First, I toggle between an A major pentatonic and an D major pentatonic in the verses. The result hits many of the A mixolydian notes but does not make confine me to the mixolydian mode. The result is a lot of juicy blue notes that reside in both A and D major pentatonic like the chromatic runs from 2,2#,3 and 4,4#,5.

Second, I play the straight up A mixolydian or D major. Its always a struggle for me to break out of the muscle memory and hit the notes I hear and not the ones my fingers are used to playing.

Lastly, in the chorus (E, F#m, A, D) my hands seem to naturally want to play the A major pentatonic as an F#m pentatonic instead and play blues runs instead of more major sounding country runs in A.
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Re: "Tangled Up in Blue" modes / scales

Postby rugger » Thu Dec 29, 2016 11:05 am

All good "correct" answers.

What changed my playing was seeing chord shapes (arpeggios, triads) within the scales and knowing where the scale degrees fall within those shapes, primarily the 1, 3, 5 & 7.

Here's a fun, and I think musical, exercise to help build this concept: Let's use A major at the 5th position as an example. To review, A major harmonized is--A Bm C#m D E F#m G#dim

Play each arpeggio up (1,3,5,7) and then the A major scale down to the next scale degree and repeat. Stay in the fifth position the entire time (6th string root).

For example: (A maj arpeggio up) A, C#, E, G# (A maj scale down) F#, E, D, C# (Bm arp. up) B, D, F#, A (A maj scale down) G#, F#, E, D (C#m arp. up) C#, E, F#, B (A maj. scale down) A, G#, F#, E (D maj. arp up) etc. up to A again. Then work it out descending. Then go to the 12th position and work out 5th string root positions. Lots of fun!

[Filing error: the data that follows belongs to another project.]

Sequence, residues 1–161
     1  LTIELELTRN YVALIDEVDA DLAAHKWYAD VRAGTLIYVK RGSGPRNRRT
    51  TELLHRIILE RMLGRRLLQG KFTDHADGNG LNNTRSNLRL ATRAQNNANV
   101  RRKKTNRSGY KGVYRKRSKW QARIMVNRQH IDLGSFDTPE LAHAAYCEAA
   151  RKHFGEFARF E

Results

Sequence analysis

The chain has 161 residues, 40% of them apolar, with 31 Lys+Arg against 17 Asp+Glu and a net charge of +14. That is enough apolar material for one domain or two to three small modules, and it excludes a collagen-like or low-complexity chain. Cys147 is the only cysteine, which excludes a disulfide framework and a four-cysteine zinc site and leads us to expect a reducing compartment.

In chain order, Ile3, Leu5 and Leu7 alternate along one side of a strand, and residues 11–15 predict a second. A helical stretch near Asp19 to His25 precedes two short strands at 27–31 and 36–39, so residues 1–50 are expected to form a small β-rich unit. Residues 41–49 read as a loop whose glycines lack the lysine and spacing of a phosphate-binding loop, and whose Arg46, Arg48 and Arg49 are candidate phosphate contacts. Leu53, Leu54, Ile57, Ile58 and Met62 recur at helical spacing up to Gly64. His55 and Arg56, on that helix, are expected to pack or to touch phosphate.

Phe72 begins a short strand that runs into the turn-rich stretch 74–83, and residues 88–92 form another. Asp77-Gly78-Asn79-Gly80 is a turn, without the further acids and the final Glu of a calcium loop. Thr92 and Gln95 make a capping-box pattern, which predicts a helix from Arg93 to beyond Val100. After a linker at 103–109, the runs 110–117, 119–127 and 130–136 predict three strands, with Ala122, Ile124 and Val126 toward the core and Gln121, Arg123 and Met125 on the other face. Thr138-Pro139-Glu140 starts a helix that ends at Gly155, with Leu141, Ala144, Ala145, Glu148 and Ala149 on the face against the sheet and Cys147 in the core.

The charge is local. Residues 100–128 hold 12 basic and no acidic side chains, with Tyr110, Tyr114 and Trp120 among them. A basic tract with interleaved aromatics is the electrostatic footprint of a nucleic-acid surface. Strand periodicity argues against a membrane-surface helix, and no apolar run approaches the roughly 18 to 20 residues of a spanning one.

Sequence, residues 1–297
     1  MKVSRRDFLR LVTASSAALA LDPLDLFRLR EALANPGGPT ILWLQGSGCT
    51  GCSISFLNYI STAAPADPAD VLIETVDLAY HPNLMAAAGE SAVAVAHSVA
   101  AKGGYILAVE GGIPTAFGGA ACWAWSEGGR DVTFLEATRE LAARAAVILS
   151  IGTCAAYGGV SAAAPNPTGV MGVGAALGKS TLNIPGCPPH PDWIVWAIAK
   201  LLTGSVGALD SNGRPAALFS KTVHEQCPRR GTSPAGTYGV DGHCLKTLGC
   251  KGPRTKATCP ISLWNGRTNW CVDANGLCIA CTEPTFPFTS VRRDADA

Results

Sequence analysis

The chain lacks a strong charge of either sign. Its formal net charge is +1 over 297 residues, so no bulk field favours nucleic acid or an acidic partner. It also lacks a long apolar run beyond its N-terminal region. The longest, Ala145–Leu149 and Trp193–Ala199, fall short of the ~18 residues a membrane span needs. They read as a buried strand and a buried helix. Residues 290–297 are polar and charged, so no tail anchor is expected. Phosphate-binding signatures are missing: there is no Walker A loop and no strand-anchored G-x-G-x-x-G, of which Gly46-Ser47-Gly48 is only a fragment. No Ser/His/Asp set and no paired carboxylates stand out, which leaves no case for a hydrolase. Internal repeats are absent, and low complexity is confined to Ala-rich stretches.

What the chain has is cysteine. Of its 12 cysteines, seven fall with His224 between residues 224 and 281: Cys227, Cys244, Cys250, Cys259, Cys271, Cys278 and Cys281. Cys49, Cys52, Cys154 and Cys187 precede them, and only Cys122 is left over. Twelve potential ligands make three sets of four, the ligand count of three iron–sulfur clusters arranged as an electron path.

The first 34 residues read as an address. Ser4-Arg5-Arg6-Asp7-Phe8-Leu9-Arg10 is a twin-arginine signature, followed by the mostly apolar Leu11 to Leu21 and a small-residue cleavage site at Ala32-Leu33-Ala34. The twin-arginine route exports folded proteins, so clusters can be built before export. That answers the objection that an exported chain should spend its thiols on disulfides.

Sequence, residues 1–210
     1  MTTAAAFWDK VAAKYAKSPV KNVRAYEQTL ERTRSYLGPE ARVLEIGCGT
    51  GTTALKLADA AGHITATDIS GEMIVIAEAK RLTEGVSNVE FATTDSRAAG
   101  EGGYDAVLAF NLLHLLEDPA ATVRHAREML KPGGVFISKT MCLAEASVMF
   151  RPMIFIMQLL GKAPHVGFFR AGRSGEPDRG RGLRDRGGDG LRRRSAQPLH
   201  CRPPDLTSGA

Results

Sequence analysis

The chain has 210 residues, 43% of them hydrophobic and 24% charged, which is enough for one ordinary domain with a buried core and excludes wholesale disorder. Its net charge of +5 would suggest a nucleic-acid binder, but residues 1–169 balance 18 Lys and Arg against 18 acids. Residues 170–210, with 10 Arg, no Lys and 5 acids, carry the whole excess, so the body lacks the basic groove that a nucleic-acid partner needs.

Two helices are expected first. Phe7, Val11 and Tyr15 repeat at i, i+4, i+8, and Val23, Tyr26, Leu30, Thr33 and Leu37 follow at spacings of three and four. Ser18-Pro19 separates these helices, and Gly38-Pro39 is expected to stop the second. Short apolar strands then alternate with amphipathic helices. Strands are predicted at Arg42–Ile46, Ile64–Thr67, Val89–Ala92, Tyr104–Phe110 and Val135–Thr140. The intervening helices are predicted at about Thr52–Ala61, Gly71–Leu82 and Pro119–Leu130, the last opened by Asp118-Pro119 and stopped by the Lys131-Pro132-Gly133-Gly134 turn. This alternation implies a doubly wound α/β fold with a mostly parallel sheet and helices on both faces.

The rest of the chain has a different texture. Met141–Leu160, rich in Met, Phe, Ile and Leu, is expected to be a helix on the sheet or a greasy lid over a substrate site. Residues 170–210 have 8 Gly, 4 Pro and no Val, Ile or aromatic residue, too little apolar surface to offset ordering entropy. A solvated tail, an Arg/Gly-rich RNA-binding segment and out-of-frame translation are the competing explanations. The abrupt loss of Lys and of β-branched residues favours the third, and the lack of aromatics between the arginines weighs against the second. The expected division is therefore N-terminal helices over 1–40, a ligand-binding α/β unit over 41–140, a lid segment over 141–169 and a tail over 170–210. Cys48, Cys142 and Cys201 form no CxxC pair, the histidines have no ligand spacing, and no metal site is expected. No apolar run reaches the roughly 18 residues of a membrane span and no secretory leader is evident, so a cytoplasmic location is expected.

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Re: "Tangled Up in Blue" modes / scales

Postby gratefulredhead » Thu Dec 29, 2016 2:26 pm

rugger wrote:All good "correct" answers.

What changed my playing was seeing chord shapes (arpeggios, triads) within the scales and knowing where the scale degrees fall within those shapes, primarily the 1, 3, 5 & 7.

Here's a fun, and I think musical, exercise to help build this concept: Let's use A major at the 5th position as an example. To review, A major harmonized is--A Bm C#m D E F#m G#dim

Play each arpeggio up (1,3,5,7) and then the A major scale down to the next scale degree and repeat. Stay in the fifth position the entire time (6th string root).

For example: (A maj arpeggio up) A, C#, E, G# (A maj scale down) F#, E, D, C# (Bm arp. up) B, D, F#, A (A maj scale down) G#, F#, E, D (C#m arp. up) C#, E, F#, B (A maj. scale down) A, G#, F#, E (D maj. arp up) etc. up to A again. Then work it out descending. Then go to the 12th position and work out 5th string root positions. Lots of fun!

john in san diego


All good examples of how to approach this! If I may make one correction without offense, in the harmonized A major scale the VII chord is actually a G#half dim, or G#m7b5, not a diminished. The difference lies in the 7th. In a full dim the 7th is flatted twice, whereas in the half dim it's a minor 7.